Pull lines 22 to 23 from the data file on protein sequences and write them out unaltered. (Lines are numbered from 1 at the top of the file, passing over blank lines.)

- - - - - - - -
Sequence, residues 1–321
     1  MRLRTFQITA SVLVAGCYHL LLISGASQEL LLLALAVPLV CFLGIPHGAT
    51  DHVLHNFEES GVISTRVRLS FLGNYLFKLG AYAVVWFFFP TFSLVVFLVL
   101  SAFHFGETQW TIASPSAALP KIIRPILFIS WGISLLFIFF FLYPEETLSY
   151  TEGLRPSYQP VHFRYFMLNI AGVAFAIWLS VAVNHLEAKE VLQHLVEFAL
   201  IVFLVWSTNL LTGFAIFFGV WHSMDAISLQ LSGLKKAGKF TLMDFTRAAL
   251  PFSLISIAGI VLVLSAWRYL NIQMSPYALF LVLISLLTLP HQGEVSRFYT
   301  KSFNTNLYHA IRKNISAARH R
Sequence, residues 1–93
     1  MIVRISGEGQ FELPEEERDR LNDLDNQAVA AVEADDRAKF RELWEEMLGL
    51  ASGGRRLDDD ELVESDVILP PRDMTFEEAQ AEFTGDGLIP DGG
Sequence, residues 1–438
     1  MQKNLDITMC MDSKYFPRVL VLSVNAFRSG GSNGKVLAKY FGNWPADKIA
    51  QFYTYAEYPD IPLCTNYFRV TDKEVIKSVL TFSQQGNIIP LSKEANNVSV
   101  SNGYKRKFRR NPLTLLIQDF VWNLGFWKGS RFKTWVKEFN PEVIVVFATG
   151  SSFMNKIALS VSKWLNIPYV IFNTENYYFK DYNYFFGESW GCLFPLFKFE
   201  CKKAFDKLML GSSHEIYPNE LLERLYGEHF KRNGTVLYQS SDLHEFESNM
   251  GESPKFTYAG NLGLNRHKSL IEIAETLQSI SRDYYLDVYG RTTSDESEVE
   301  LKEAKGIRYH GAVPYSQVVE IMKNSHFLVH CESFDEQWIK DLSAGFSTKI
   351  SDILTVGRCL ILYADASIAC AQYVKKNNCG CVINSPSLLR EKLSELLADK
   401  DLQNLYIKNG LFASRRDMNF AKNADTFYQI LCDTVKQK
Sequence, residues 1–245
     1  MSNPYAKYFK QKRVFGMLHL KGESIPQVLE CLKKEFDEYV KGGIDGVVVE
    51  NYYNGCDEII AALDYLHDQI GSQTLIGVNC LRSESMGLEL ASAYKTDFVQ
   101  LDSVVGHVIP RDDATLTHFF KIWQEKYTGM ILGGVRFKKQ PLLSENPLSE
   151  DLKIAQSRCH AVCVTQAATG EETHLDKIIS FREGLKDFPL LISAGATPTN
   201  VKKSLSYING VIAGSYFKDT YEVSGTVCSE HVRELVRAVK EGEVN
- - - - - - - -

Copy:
Sequence, residues 1–245
     1  MSNPYAKYFK QKRVFGMLHL KGESIPQVLE CLKKEFDEYV KGGIDGVVVE